“Wagnerianism,” like any “-ism” is an ill, albeit admittedly somewhat less harmful than, say, Fascism or Communism, Protectionism, or Militarism. But unlike “isms” that do ill by radicalizing an inherently noble aim (like Pacifism, for example), Wagnerianism is the radicalization of a fictitious ideal muddled by “tradition” – which, in this case, is the accumulation and reinforcement of bad habits, intellectual laziness, and little else. Wagnerians, although by and large unaware of their malaise, don’t love Wagner but their own idea of Wagner. That idea more or less corresponds to how Wagner was performed 50 years ago in America, or between the wars in Germany, and is often justified with the claim of truly harking back to Wagner’s time.

The Intendant of the Bavarian State Opera, Nikolaus Bachler, an actor who went on to head the Vienna Burgtheater before setting upon Munich, sees it this way: “When a playwright or a composer creates something, he makes a lifelong contract with the future to be developed and interpreted. Of course sometimes the interpretation is so much weaker, so much more uninteresting and banal than the value of the subject. In that case it’s necessary to protest. But looking to the past leads in the wrong direction. There is no ‘original’ Nozze di Figaro interpretation. What should it be? Basically whenever someone speaks of being true to the time of the work, or true to the composer, they only mean the interpretive style from 20 and 30 years ago. What we nowadays call ‘historic’ are productions from the 50s. Not the 1820s. Anything produced then was so much more radical – for its time – than you can even imagine.”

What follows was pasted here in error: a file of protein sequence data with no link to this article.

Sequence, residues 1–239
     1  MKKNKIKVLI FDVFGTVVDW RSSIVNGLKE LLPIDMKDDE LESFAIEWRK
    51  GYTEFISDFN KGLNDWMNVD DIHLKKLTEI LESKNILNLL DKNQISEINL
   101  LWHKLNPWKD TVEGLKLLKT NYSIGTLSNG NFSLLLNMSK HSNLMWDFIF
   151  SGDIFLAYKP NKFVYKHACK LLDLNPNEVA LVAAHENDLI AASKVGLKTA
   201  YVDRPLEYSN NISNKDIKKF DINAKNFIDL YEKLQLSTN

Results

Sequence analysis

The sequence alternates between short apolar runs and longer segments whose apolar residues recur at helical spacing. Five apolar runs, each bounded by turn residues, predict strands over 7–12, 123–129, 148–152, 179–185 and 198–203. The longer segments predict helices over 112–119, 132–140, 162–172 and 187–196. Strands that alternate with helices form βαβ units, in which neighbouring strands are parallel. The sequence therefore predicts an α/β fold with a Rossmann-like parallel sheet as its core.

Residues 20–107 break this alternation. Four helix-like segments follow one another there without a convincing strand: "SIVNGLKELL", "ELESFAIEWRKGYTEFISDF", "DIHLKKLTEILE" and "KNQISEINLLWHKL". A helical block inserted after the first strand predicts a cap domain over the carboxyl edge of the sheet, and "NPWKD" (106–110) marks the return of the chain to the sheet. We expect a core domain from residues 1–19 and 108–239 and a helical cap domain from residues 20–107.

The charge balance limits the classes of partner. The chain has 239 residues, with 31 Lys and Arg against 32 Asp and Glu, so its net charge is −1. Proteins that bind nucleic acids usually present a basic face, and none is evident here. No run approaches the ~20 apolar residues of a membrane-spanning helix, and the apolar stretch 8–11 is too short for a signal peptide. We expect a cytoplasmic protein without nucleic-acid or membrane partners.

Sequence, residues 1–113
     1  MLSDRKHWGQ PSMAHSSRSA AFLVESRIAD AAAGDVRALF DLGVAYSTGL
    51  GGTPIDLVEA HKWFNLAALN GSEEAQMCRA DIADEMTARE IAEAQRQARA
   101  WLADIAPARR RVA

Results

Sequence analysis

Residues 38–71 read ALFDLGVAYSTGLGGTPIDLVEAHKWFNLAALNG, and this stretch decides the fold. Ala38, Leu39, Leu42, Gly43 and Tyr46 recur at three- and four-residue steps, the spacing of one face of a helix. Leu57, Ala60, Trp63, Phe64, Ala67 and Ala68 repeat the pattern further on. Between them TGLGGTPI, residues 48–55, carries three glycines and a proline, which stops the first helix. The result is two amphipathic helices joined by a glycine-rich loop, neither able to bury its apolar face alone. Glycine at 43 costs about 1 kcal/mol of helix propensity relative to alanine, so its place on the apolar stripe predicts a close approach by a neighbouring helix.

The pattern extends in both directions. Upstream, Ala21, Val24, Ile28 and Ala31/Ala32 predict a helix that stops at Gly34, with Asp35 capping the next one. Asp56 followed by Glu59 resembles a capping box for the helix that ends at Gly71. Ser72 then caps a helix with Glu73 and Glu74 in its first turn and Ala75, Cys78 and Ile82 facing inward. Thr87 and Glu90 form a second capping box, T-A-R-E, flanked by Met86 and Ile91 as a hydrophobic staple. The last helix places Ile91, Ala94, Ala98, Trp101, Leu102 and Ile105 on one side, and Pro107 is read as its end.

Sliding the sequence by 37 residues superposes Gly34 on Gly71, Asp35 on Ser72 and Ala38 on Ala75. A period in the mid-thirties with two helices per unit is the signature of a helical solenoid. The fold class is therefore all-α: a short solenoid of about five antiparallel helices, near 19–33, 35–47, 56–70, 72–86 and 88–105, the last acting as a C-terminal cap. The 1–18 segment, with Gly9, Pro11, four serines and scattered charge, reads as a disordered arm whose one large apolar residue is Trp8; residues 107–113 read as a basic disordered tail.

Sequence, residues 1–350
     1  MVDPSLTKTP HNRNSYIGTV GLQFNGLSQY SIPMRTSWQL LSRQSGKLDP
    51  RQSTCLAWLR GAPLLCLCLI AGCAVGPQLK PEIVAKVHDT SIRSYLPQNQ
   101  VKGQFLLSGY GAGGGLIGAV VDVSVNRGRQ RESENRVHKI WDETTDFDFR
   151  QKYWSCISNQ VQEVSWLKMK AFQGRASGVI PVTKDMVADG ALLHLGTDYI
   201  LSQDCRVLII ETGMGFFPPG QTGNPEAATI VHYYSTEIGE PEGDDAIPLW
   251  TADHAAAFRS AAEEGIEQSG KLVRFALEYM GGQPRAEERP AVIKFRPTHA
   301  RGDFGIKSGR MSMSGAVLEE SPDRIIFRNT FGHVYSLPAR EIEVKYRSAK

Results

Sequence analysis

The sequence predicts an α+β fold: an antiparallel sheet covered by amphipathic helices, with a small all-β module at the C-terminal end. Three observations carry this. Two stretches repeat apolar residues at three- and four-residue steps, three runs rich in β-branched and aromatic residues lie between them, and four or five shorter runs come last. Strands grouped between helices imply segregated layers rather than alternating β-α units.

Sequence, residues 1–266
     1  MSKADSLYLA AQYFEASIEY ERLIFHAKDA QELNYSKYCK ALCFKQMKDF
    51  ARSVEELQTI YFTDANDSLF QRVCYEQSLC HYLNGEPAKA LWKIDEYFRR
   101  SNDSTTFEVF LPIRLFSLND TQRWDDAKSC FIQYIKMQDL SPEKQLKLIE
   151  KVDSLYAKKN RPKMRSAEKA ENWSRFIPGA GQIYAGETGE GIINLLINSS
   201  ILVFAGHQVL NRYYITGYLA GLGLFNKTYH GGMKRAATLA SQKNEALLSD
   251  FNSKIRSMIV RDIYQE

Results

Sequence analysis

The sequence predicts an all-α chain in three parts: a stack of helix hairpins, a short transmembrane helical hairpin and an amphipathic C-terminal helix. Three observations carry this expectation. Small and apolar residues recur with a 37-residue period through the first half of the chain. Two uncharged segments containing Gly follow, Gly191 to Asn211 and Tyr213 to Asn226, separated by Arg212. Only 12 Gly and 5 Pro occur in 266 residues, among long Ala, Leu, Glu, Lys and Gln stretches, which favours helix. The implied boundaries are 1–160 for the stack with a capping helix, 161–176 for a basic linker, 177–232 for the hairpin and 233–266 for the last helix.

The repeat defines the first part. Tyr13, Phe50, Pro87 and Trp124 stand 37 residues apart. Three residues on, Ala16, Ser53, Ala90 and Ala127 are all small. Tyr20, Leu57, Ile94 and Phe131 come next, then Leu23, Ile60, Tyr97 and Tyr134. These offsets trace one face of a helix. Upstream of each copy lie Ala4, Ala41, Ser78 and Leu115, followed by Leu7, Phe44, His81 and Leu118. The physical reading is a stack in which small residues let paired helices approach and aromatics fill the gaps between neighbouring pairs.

His is a variant of the point – namely, the impossibility of non-interpretation – Jorge Luis Borges makes in “Pierre Menard, Author of the Quixote”: A sentence like “History, the Mother of Truth” written in the seventeenth century means something radically different from the same sentence penned by “a contemporary of William James.” Likewise seeing a 17th century costume means something radically different to an 18th century audience than it does to a 21st century audience.